Just as you would protect your valuables, your marriage should be protected too! We often focus our attention on the things that are clearly visible. For example, our kids need new tennis shoes, the car in the driveway needs to be clean, the living room needs a new paint job, the water filter in the refrigerator needs to be changed and so on. Life can be so demanding, we can forget about the things we cannot see or touch, like our marriages. Yet, marriage is one of the most valuable parts of our lives and the infrastructure of our home, it needs protecting. Continue reading “Fortify Your Marriage Before It Decays”
We had been dating for four years and we were in our last year of College, scheduled to graduate in the Spring of 2003. Although Juan often expressed interest in getting married while we were in College, I often turned down the idea. I didn’t want to be married until we graduated. I had big dreams and I desperately wanted to stay focused on them. Despite my hopes of getting a doctorate degree and my desire for a house to call my own, Juan knew I wanted a long engagement. Time was ticking so he began planning his proposal and working two jobs to pay for my engagement ring.
Honestly I’m shocked! Perhaps not for the reason you think. No, our little Macee hasn’t arrived, which I’m ecstatic about because I really want a September baby. What I am amazed about is my weight gain!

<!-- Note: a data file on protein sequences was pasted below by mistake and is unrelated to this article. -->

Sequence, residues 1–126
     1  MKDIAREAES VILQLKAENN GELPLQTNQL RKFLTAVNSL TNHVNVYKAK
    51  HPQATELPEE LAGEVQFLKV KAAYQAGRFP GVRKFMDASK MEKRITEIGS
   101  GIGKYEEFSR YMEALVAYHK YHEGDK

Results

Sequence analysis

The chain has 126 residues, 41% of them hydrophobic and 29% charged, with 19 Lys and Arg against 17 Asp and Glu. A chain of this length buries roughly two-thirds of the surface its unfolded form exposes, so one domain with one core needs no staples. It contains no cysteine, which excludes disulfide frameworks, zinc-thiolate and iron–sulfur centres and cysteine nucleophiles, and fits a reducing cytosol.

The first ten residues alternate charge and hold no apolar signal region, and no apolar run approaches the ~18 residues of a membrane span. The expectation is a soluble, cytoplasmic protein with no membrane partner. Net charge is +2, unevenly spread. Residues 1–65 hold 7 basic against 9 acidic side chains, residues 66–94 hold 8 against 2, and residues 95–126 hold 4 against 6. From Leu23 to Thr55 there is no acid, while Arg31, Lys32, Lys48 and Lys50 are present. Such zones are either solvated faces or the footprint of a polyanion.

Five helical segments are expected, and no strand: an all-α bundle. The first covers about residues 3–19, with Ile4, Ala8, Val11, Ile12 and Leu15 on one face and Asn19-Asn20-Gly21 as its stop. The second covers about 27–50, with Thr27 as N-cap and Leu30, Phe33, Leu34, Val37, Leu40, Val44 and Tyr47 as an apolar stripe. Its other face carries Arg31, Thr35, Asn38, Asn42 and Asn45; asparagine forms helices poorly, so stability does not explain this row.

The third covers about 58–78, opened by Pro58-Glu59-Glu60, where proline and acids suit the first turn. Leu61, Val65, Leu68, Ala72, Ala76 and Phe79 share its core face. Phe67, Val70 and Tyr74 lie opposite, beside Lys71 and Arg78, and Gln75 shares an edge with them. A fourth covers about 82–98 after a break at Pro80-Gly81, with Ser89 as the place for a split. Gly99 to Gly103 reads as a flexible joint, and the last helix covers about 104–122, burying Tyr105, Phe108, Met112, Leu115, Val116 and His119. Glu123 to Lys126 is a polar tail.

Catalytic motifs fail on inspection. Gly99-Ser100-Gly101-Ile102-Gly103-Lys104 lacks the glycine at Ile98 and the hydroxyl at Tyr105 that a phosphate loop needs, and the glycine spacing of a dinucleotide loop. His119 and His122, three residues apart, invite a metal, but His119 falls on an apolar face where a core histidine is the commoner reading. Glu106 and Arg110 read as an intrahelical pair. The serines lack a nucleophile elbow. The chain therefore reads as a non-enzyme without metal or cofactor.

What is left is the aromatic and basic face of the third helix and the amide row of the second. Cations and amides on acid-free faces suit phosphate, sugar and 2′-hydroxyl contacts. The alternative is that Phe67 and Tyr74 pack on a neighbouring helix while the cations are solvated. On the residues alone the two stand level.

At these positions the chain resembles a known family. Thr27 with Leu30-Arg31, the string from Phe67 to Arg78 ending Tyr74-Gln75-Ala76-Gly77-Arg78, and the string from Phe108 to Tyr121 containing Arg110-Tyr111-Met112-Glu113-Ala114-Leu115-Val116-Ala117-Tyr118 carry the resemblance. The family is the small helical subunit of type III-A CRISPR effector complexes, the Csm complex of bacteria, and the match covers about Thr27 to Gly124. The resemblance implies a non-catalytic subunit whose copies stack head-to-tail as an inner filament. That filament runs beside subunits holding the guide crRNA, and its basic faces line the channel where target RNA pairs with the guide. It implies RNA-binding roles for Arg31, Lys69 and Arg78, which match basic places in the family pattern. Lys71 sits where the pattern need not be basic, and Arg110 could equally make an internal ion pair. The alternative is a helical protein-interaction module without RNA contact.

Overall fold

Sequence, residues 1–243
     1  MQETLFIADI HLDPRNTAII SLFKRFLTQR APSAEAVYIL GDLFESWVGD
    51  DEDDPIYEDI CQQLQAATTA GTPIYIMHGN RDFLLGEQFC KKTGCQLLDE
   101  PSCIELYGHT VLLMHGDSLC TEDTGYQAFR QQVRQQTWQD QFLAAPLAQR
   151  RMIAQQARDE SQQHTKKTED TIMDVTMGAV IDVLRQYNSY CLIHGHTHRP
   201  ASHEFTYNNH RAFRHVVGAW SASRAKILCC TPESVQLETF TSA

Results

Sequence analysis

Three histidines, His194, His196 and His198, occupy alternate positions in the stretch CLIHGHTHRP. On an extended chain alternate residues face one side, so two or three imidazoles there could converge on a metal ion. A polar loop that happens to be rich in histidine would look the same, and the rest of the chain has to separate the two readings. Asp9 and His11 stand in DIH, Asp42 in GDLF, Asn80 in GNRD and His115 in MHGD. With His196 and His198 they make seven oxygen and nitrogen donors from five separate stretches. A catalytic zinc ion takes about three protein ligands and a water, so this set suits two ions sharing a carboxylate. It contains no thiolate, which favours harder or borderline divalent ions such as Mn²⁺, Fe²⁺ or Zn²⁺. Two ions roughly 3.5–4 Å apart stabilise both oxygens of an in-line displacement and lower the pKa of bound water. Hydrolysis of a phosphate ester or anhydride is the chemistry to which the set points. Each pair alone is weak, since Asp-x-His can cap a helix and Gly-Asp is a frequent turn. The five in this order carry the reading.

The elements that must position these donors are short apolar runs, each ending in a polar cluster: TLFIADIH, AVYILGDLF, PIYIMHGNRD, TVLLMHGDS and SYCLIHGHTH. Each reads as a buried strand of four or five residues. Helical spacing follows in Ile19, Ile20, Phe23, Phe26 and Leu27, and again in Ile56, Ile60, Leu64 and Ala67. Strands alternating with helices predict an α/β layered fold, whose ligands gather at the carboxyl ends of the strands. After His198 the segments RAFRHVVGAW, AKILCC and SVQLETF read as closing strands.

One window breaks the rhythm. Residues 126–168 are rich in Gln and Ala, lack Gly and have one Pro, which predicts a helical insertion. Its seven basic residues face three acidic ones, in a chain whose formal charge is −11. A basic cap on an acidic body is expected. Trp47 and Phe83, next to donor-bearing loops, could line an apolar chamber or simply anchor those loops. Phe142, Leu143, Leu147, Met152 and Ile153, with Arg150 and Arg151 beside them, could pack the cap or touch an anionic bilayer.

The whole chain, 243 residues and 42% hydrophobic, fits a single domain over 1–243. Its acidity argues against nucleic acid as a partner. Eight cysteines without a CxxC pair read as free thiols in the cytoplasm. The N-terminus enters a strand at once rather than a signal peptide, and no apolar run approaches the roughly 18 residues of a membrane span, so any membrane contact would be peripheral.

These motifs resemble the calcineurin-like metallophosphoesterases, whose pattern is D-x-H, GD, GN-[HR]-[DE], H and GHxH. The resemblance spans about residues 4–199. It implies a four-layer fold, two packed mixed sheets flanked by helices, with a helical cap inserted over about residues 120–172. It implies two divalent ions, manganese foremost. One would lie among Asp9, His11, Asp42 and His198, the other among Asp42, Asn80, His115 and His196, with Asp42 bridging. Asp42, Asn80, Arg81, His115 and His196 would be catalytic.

One of the silent killers in many marriages today is the absence of boundaries. We often convince ourselves into thinking they are unnecessary in marriage. Many times, I hear spouses say they don’t want to appear controlling or they don’t want to be controlled. I’ve even heard married couples say, “I should be able to do whatever I want!” Yet the truth is we surrendered our “want” the moment we made a vow to “become as one” with someone else. Continue reading “Setting Boundaries in Your Marriage”
It’s amazing for me to believe I have been with Juan, my husband, my best friend, the man of my dreams for nearly 19 years. [Side note: You can expect this to be mushy…it’s my love story after all.] To think I’ve spent more of my life with him than anyone else, including my parents, helps me realize the impact he’s made on me. I’m incredibly thankful to God for orchestrating our paths together. We seriously needed one another (and still do) and not in a dependency kind of way, rather in a way to improve and benefit each other’s lives. Although he is hardly the same guy I met back in 1998, I am more in love with him and appreciate who he is today more than ever before.
One afternoon I was enjoying a manicure while my husband, Juan was giving me a much-needed break from my mommy duties. All of a sudden, I received a Facebook message from my brother. With both of my hands occupied, all I could see was the question he asked me, “How are you still in love with Juan after 13+years?” His question completely caught me off guard at first. We normally have candid, deep conversations, but they’re usually not about marriage. Nevertheless, I admired his sincere question. I admittedly feel like we are living in a world where love has an expiration date. More and more, I find it rare where both partners want to put forth the effort marriage requires. I can honestly foresee the vast majority of this upcoming generation asking the same kind of question with a genuine concern: “How do you still love your spouse?”